Mr. and Mrs. William H. Harrell of Terry, Miss., had nine children. The four oldest sons were Redus born in 1917, Jack born in 1919, Charles born in 1923, and James born in 1925. In the late 1930s, in the middle of the Great Depression and as the possibility of the United States entering World War II approached, they were concerned for their two oldest sons. They didn’t know their four oldest sons would all serve their country.

When the oldest son, Redus, graduated high school in 1935, he enlisted in the Civil Conservation Corps and National Guard. In 1940, he enlisted in the Army Air Corps, which would later be known as the U. S. Air Force. He was assigned to the “Grim Reapers,” the 3rd Attack Group of the 90th Bombardment Squadron.

Following the Japanese bombing of Pearl Harbor on Dec. 7, 1941 the group was sent to Australia. Redus flew many missions and his 48th and 49th missions were part of the Battle of the Bismarck Sea, preventing the Japanese from bringing supplies and personnel to New Guinea. He wrote home that he anticipated a furlough after his 50th mission.

Redus’ 50th mission was engaging the Japanese over Lae Airdrome, New Guinea. Sadly, he never returned from that mission and was declared Missing in Action in May of 1943. His wife, Mattie, and young son were living in Jackson, Miss. Later that year, she was presented with an Air Medal on his behalf, for gallantry in aerial combat. Six-and-a-half years later, it was declared that Redus was Killed in Action on March 15, 1943.

Like his brother, Jack Harrell enlisted after high school; joining the Army Air Corps in 1941. For a time, Redus and Jack were both stationed at Savannah Army Air Base. By November 1941, Jack had been sent to Clark Field in Bataan.

The day after Pearl Harbor, Japan began their attack on the Philippines and by the end of the month captured Manila. On April 9, 1942, facing disease and starvation, the U. S. and Filipino troops surrendered.

Jack was among the 70,000 troops who marched from the southern tip of the Bataan Peninsula to San Fernando, a 65-mile march which became known as the Bataan Death March. He survived that and two-and-a-half years in a brutal Japanese prisoner of war camp.

On Oct. 11, 1944 the prisoners were loaded on the Japanese ship Arisan Maru, overcrowded and in deplorable conditions. The Arisan Maru did not fly the appropriate flag to indicate prisoners of war were on board, which led to American forces torpedoing the ship on October 24, 1944. The families of the 1,777 Allied prisoners who perished that day would not find out their fate for several years, including the family of Jack Harrell.

Charles Harrell graduated high school in 1942 and worked for the United States Department of Agriculture. In 1943, he enlisted in the U. S. Navy and was sent to boot camp in Bainbridge, Maryland. Before he was transferred to Naval Air Technical Training in Jacksonville, Fla., he went home to marry his long-time sweetheart, Wilma.

During his training in Florida, Charles broke his foot and was sent home to recover. His next assignment was Detroit, where he served for the remainder of the war. His naval air squadron was charged with protecting the U.S. northern border. Although they thankfully never saw action, they put their lives on the line to protect their country. In August of 1945, Charles was discharged from the Navy and went home to his wife and young child in Jackson, Mississippi.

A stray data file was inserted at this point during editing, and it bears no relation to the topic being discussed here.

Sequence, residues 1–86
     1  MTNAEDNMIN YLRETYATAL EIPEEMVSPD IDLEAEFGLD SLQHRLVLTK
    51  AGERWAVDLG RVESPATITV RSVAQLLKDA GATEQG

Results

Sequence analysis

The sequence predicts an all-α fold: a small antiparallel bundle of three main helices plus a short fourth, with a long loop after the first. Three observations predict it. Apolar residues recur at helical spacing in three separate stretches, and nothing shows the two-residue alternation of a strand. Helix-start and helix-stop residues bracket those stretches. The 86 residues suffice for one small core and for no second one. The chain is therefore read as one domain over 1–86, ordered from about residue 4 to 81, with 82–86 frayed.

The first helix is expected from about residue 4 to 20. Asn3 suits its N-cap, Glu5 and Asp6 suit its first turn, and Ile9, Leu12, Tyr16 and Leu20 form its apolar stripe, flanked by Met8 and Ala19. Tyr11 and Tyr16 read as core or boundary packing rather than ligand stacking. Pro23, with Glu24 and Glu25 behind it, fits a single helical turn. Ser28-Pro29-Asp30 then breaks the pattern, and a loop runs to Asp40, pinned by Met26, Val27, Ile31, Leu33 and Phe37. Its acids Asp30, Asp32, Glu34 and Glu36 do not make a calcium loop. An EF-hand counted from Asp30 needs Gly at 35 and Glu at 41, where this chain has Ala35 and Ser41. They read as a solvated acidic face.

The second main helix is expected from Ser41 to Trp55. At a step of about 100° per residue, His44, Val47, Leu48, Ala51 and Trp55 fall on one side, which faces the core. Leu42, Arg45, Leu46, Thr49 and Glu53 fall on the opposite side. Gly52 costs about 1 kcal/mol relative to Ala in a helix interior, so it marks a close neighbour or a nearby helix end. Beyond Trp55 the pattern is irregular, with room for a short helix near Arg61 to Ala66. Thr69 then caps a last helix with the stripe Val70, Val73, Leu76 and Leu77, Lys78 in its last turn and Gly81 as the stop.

James L Harrell graduated high school in 1944. Only three weeks later, he was drafted into the Army and sent to Camp Shelby in Hattiesburg, Miss. He was assigned to clerk’s school, having completed typing and bookkeeping classes in high school.

With the landing of Allied Forces at Normandy on June 6, 1944, D Day, there were great losses to combat personnel and an urgent need for replacements. James Harrell and others at the camp spent the next five weeks of basic training receiving combat training. They were sent to Liverpool, England and from there to Southampton and Le Havre, France.

From Le Havre, Army trucks took the soldiers to Metz, where James was assigned to Company A, 10th Infantry Regiment, part of the Third Army commanded by General George S. Patton. In December of 1944, James participated in the intense battle against German troops in the Ardennes Forest of Belgium. He was assigned as first scout, in front of the more experienced men, but miraculously survived.

James also survived marching 70 miles in 48 hours through bitter cold and snow with General Patton and engaging German troops in what would become known as The Battle of the Bulge. In one battle, James Harrell’s fighting group began with 140 men and finished with only 46. James Harrell was among the forty-six.

When one of the Harrell sons was a prisoner of war and the other was missing in action, nineteen-year-old James Harrell was given the opportunity to be reassigned to a non-combat unit. He told his commanding officer no and returned to Company A. On Dec.11, 1944 James would receive the Bronze star medal for “meritorious achievement in active ground combat against the enemy.”

Dunwoody resident Philip Harrell began researching the service records of his father James Harrell and three uncles in 2014. He petitioned the Department of Defense to find out if his Uncle Jack was due a Prisoner of War Medal. After much persistence, he found out his uncle was not only due that medal, but a Bronze Star, Purple Heart, and four other medals and citations. The medals and citations were delivered to Philip on June 6, 2016, the anniversary of D Day.

As Veterans Day approaches, we thank all veterans for their service. I also thank Philip Harrell for sharing the story of four brave soldiers: his father and three uncles.

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